Relief Beyond Ground, Part 1

By Aaron Chung

In relief, I think of both sculptural and printmaking techniques, as well as the removal of pressure, particularly the pressure around the idea of art and how rugs are perceived.


With this exhibition, my aim was to introduce conversations around what constitutes a painting, what constitutes a sculpture, what constitutes an installation, and where our works fit into this conversation.

In the spirit of probing this figurative boundary within art, I began looking at the relationship of frames within these textiles because the frame is often what people think of when they think of fine art—they think of paintings and drawings hung in museums.

Frammento and Ray look at this relationship more explicitly, as there are plays with frame in both, as well as between each other when situated next to one another. I thought this pair was interesting because of each’s use of borders or parameters, each containing the other. Frammento is a rectangular rug frame containing a fractured circular motif, and Ray is an oval frame containing a geometric arrangement of rectangles.

Then I began thinking about how the formal frame would bring this question of art out even more, linking more directly with the language of art that many museums and artists use. I began thinking, could a rug or a textile be framed?

That probed some of the questions around textiles being framed, but what about textiles as frame? Within an environment, they can frame a conversation between people, they can frame the conversation occurring in a setting of furniture.

While planning this exhibition, it was important to me to show that Merida’s artistic language and conversations have been consistent throughout the studio’s body of work. Simultaneously, I didn’t want everything to feel too similar. I wanted each wall to have its own identity, and I wanted to elevate the individual voices of each piece.

In order to give space for each work to communicate its own voice, I used color to create separations and transitions within the gallery.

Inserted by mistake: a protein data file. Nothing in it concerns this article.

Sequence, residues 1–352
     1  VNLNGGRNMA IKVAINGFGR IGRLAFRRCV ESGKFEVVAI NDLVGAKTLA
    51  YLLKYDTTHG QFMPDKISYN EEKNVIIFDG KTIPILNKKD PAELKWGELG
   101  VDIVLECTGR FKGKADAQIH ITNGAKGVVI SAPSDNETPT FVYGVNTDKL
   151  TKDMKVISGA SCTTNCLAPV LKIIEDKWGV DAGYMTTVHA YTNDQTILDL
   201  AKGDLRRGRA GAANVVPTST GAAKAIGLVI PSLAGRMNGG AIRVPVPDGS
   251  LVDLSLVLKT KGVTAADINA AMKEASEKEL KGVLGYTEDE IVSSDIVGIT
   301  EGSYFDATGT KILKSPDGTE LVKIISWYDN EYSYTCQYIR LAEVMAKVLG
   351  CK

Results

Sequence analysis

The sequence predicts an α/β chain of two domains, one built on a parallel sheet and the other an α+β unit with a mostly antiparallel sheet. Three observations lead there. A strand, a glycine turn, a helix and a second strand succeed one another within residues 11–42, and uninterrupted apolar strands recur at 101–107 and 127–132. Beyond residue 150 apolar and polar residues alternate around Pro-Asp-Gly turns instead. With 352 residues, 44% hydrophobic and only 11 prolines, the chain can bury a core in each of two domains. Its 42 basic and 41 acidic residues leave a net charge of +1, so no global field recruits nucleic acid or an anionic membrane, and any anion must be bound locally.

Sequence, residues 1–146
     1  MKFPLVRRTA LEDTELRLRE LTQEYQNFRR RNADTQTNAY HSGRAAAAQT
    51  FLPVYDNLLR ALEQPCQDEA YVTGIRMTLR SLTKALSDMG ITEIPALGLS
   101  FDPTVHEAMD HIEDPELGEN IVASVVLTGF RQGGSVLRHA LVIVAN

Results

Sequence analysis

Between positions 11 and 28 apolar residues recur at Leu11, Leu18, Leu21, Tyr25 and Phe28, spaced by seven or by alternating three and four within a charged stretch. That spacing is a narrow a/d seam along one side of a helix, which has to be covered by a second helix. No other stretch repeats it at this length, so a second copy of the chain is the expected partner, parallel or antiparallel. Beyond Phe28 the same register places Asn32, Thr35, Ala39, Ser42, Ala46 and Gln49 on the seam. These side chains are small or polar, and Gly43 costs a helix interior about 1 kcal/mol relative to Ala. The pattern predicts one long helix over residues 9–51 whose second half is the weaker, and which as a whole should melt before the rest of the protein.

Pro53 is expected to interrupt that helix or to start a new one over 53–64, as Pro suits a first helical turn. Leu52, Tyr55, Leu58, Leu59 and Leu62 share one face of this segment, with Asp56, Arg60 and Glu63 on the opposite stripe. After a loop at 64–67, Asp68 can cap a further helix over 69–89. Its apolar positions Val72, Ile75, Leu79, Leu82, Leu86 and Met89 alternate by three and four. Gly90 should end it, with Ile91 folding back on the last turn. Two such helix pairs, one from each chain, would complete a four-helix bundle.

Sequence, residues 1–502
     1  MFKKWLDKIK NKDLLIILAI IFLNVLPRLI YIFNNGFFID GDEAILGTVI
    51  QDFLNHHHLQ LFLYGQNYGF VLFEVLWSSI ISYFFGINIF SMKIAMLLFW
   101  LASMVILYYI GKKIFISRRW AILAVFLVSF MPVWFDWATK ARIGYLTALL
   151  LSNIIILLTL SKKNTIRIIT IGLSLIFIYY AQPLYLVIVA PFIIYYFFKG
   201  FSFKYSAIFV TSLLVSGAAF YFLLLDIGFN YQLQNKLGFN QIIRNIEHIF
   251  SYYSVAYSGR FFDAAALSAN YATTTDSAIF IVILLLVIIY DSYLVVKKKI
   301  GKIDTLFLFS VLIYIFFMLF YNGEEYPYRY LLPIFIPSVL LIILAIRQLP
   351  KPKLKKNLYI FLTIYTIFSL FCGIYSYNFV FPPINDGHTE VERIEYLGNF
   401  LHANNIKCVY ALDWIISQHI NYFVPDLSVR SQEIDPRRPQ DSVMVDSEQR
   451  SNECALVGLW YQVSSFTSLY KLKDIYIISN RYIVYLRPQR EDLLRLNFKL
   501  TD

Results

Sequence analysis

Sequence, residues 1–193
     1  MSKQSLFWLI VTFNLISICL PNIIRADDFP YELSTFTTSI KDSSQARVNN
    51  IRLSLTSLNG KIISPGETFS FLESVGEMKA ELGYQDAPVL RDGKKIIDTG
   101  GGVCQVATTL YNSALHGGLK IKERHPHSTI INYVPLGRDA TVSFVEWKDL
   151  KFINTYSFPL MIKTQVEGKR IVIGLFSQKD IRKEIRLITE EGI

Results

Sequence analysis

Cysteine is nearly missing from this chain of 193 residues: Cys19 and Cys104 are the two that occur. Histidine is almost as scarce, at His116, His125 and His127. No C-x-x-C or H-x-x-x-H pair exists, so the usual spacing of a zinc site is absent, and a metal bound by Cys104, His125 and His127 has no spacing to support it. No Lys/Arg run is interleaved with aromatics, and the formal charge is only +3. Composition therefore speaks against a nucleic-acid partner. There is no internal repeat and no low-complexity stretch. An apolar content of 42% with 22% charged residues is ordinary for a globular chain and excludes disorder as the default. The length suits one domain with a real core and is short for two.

I wanted to use neutral colorways to keep the focus on the topography of the pieces, but I also wanted to highlight Merida’s adventurous side with blues, pinks, and yellows, so I decided to highlight unique colors in areas with a lot of traffic, using these as my anchor points within the gallery.

With this primary color scheme, these higher chroma moments encouraged you to move through the different sections, wandering from one zone to the next. In between these primary colors were swaths of interesting neutral tones, breaking up the saturated spotlights while offering intriguing and dynamic texture.

As I was planning the exhibition, I wanted there to be a complete sensual experience as you walked through the space. There is a lot going on when you walk into a room with these textiles because you are met with the scent of the wool, you watch the light and shadow shift across their surfaces, and you feel the topographical changes in the textures of their fibers and weaves. Because of this, there is a lot to engage with, so part of what I wanted to do was slow people down. I wanted to encourage people to really take in what they were experiencing, with all of their senses.

To achieve this effect, I thought about aesthetic transitions with color, line weight, detail, and scale. I realized that when you stare at one thing for a long time, your eye begins to crave the opposite. So I decided to lean into that, both by following that natural rhythm and disrupting it.

I began to think, what are your feet craving? When you’re in contact with the rugs underfoot as you walk through the gallery, you form your own rhythm. So to keep the viewer constantly conscious, I purposefully reoriented the rugs.

For example, Mirage guides you in one direction with its lined reliefs, but as you cross into Mantra, the same lines seem to shift under your feet. Suddenly, the orientation of those ridges has changed, and going from a piece that is running in the same direction you were walking to one that is perpendicular, you suddenly feel a friction. It makes you question your unconscious action of walking. It makes you reevaluate what you are walking on. It makes you ask, am I walking on the same thing? And then you start to turn your body.

So the idea is to not only guide the gaze but also guide the body. By allowing people to read each wall differently—as pieces are displayed in portrait, landscape, and framed—it allows people to further investigate the why.

Why is it hung this way?
Why am I seeing it this way?
What attention should I be giving?
What details are they asking me to inspect closely?

What am I experiencing?